I walked over to Grandmother’s pantry and opened the door. “W, W, W,” I muttered.
What to eat with W? You say the letter and all I think is Water. That’s fine for a beverage, but my stomach wants food.
Watermelon season? Oh, nice and sweet. Eat and wash your face at the same time. (Everyone was happier when the children, and some adults, ate watermelon outside.)
Whitefish is delicious. Welsh Rarebit is often mistaken for something else entirely. Worcestershire Sauce adds flavor but only experts can pronounce it quickly and correctly three times in a row. Wine — perhaps to finish off after the Water glass is empty.
Walnuts add texture and flavor to many baked goods. Not bad as a snack, either.
These are English Walnuts — the ones you find in mixed nuts near the winter holidays.
Black Walnuts have a different, very nice, flavor — and a much more difficult shell.
Grandmother opened the back door and pointed to the garden. “Bring me a “T” food.”
Pausing at the edge of the tended earth, I thought for a moment. I don’t especially like Turnips. We don’t have a Tangerine Tree. We buy Turmeric at the store, in the spice aisle. Turkeys are banned from the garden. Tea doesn’t grow in this climate.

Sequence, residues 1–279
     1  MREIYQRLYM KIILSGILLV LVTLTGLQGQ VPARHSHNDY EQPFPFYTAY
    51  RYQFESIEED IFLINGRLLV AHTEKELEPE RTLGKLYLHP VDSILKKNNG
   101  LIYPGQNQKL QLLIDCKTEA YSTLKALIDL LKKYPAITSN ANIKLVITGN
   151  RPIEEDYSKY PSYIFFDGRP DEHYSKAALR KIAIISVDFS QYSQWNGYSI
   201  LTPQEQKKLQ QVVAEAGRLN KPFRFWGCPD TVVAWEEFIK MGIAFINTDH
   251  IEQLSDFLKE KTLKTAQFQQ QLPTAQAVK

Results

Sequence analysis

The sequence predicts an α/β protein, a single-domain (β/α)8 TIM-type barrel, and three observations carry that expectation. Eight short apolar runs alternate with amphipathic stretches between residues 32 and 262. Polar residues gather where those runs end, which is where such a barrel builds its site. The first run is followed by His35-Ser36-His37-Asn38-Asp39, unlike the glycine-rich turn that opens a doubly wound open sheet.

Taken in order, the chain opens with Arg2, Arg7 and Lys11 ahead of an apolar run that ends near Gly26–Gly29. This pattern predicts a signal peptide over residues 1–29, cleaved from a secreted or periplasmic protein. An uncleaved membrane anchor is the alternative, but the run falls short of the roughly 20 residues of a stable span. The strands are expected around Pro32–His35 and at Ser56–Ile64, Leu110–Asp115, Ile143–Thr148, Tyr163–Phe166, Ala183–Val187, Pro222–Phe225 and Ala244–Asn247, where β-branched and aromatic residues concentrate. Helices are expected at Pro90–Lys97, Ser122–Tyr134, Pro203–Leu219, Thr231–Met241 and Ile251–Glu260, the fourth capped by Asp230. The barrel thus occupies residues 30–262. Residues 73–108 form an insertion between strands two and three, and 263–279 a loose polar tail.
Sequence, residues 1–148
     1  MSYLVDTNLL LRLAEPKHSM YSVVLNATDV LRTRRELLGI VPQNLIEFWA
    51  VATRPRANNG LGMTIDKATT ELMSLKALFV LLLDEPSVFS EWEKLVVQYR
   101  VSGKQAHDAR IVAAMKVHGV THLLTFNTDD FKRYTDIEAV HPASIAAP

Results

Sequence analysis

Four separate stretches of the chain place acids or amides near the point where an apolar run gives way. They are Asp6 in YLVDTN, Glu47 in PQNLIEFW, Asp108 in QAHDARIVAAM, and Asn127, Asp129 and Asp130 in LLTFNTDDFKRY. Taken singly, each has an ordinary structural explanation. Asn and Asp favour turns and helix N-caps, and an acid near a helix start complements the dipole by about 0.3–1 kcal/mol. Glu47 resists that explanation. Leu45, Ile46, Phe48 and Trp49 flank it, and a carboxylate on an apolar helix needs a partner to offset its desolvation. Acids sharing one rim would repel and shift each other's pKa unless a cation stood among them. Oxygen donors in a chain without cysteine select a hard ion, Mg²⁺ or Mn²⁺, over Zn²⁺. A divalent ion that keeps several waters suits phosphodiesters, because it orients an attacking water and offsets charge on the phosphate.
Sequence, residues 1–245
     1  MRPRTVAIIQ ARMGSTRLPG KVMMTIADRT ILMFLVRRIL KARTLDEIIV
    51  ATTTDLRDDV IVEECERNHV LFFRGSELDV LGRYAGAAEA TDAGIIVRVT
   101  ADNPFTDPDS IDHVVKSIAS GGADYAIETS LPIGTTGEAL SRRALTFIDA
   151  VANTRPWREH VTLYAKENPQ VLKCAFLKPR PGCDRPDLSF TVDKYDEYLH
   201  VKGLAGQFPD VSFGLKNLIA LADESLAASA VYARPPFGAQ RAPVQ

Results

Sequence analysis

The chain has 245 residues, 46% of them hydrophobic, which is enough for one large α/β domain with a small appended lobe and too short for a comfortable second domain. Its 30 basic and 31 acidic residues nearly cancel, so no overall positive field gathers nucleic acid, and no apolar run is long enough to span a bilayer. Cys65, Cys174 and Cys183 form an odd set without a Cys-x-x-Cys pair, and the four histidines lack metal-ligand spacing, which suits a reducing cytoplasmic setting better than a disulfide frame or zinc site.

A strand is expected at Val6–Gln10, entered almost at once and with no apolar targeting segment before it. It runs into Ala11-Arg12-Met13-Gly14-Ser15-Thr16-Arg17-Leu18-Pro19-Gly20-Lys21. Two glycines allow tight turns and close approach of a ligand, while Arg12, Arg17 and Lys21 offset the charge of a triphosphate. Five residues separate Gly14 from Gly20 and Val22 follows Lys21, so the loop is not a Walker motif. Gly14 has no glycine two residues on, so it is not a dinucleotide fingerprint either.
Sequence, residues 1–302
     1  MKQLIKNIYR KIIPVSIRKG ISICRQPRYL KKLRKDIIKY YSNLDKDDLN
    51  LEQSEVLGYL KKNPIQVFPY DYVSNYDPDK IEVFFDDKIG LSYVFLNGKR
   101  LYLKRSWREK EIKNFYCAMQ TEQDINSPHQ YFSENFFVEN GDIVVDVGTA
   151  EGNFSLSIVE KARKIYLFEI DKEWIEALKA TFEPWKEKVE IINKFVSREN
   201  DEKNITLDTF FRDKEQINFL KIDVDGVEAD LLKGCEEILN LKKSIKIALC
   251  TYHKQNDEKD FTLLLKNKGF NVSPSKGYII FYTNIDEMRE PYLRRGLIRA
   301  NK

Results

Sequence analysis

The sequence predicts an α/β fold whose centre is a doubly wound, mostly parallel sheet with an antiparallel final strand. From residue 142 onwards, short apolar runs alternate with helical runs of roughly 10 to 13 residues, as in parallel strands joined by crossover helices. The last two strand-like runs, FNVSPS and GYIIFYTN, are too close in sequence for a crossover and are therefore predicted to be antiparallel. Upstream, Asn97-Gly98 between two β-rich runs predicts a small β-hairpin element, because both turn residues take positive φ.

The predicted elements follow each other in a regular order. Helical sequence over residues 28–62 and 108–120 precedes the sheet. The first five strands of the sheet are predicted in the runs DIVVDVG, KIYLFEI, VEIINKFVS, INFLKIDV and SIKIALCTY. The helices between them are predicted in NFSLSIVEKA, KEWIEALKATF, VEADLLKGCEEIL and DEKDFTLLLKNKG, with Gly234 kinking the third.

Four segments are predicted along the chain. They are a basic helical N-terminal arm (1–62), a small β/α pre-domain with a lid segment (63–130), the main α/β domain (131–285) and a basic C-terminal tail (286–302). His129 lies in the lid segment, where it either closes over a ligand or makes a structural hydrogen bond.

Then I spied them — standing so tall with red, ripe fruit.
What’s for supper? I tossed the question to a dozing grandmother as I strode to the pantry.
“Nothing.” She replied from her rocker.
“Are you sure?”
“Check the book.”
I pulled her favorite cookbook from the shelf and turned to the index. Oh, my! The “Q” portion of the index was short. What’s a person to do? Time was too short to prepare a Quiche. Not a Quince in the house.
Mumble, mumble. Got it!
I prepared a new-to-me grain –Quinoa.
Following directions (almost) I cooked it similar to rice and enjoyed the texture.
Hint from the dairy farmer’s daughter: Better with Butter.